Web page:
We have things that will put teeth in this, and we have European allies that are willing to work with us on simple specific steps that will, in fact, make a difference. For the move towards electrification, we are teed up in a remarkable way. So you’re right, that we’ve fallen short in terms of promises being delivered, but the United States comes to this at a time when we have passed massive spending for infrastructure, we’ve got policies in place, everything from Amtrak, to electrification, to bicycles and dealing with what we’re going to do with the grid. I think, Dave, this is really a significant development. It hopefully is going to be a new era. The stakes have never been higher, but I’m really optimistic based on my conversations and what I’ve seen.

Miller: As you noted, you were in Copenhagen with President Obama. But when you talk, say, to parliamentarians from various European countries, do you get the sense from them that they’re worried that the US approach to climate change varies so widely with who is in the White House? We obviously have the simple fact of President Obama signing on to the Paris Accords, and then President Trump taking us away, and President Biden says, ‘no, we’re back,’ as one example, but that’s not the only one. I’m wondering if you think international partners know who we are in this?

Blumenauer: Well, they have been confused during the Trump era, but I’ve had dozens of meetings with ministers, ambassadors, parliamentarians in the course of last year and here in Glasgow. They are actually excited that we’re here. They know that the United States leadership is important. They can’t do it without us. They think we can, and should, do more. They want to work with us, on a partnership basis, but they are energized in many cases by the fact that we are here and that we have stepped up in an unprecedented way with things that we have passed and the things that we have teed up ready to go.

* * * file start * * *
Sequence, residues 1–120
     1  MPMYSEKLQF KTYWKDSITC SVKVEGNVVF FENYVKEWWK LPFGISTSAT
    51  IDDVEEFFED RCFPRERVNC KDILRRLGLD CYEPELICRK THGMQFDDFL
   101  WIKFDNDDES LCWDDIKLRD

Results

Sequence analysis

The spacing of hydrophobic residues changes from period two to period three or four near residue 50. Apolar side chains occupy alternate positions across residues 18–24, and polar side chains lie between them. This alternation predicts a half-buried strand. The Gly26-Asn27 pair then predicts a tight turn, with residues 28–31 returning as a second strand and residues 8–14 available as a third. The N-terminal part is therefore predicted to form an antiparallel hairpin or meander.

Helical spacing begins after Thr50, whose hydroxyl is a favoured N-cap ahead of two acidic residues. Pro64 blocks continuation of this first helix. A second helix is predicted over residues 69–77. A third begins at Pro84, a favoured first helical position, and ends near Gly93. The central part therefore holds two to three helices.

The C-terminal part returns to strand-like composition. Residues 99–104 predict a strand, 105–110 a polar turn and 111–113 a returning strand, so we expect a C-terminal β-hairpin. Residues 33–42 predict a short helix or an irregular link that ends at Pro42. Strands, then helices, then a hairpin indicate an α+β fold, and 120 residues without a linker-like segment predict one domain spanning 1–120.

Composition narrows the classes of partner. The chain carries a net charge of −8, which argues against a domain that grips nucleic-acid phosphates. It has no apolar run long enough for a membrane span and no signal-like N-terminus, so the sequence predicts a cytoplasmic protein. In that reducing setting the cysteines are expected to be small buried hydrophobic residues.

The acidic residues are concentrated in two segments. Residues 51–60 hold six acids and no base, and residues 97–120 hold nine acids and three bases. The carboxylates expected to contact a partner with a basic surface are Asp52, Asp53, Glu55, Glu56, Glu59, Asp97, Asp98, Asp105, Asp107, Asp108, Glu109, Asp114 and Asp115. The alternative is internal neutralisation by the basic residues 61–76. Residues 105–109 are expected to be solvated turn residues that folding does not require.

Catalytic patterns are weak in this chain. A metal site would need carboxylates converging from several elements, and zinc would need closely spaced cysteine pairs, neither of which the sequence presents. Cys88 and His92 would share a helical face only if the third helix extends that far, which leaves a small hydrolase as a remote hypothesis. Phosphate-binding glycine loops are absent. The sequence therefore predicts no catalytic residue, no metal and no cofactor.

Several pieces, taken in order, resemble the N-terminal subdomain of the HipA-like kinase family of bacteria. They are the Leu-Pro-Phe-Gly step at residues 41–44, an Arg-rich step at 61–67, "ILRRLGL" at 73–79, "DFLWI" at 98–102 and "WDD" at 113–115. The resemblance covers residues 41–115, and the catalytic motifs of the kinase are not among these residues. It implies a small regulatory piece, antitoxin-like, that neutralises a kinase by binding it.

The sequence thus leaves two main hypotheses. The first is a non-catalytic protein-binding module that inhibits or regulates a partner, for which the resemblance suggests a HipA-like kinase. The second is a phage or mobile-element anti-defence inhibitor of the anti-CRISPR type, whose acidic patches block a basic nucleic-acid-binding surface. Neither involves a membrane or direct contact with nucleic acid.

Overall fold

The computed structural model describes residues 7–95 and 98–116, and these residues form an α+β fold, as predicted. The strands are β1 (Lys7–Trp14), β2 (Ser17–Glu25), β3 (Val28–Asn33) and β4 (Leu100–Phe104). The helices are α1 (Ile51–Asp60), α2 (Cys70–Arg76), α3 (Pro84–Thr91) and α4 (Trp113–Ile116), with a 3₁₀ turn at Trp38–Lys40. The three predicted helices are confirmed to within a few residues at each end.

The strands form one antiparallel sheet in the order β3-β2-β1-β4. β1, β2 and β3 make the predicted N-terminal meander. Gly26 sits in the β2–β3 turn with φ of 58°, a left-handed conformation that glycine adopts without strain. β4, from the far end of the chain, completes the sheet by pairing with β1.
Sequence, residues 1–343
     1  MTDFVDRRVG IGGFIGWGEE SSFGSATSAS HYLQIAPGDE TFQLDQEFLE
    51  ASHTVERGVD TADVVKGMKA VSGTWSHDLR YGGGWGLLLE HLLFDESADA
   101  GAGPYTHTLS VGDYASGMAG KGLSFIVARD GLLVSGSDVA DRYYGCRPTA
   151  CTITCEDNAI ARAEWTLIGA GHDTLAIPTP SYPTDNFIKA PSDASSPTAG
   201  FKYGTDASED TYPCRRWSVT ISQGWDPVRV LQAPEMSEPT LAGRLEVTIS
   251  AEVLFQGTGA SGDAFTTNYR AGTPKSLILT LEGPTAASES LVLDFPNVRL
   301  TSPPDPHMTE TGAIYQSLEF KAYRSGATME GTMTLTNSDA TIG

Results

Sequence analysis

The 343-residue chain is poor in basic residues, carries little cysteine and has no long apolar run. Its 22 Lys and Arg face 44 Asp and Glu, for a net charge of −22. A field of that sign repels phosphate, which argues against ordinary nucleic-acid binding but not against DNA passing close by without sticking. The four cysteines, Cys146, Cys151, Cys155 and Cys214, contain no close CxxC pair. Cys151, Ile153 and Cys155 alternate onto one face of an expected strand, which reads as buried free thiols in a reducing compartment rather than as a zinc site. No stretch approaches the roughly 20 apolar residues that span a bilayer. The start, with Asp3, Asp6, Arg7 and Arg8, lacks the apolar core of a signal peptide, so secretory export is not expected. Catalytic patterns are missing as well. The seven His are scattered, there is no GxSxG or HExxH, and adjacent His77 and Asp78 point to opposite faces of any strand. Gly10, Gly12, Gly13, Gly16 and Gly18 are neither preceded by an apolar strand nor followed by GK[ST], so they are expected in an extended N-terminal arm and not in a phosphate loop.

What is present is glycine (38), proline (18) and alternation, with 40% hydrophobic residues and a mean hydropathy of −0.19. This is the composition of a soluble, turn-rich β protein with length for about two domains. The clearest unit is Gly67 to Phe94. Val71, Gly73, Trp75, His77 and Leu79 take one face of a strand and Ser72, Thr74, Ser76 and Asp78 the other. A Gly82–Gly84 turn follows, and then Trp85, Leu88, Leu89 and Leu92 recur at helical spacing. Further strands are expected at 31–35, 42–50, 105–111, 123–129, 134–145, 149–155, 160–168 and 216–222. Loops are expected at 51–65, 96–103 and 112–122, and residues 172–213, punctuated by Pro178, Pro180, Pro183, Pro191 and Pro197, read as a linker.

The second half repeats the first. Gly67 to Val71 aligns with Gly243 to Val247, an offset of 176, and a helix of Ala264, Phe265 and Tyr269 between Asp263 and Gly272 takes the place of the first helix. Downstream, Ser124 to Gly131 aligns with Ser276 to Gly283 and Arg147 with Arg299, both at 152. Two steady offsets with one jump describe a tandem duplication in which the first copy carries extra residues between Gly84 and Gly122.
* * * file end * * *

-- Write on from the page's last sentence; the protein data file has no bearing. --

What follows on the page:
Miller: Congressman, you’re the chair of the House Ways and Means Subcommittee on Trade. I’m curious what you see as tangible ways that you can push forward on climate change, specifically related to trade.

Blumenauer: It’s a great question. I just mentioned, a moment ago, legislation that Senator Schatz and I have introduced to deal with commodities that are grown on illegally harvested timberland. This is legislation that I’m quite optimistic we can move. There’s conversation now, and I had one this afternoon, with people from the European Union, about a carbon border adjustment where both in Europe and in the United States, to be able to have a fee assessed, so that countries cannot export their carbon pollution. There’s more and more interest in this, in both the European Union, and it’s starting to get attention here in Congress. These are specific steps that we can take that will make a difference as we go forward.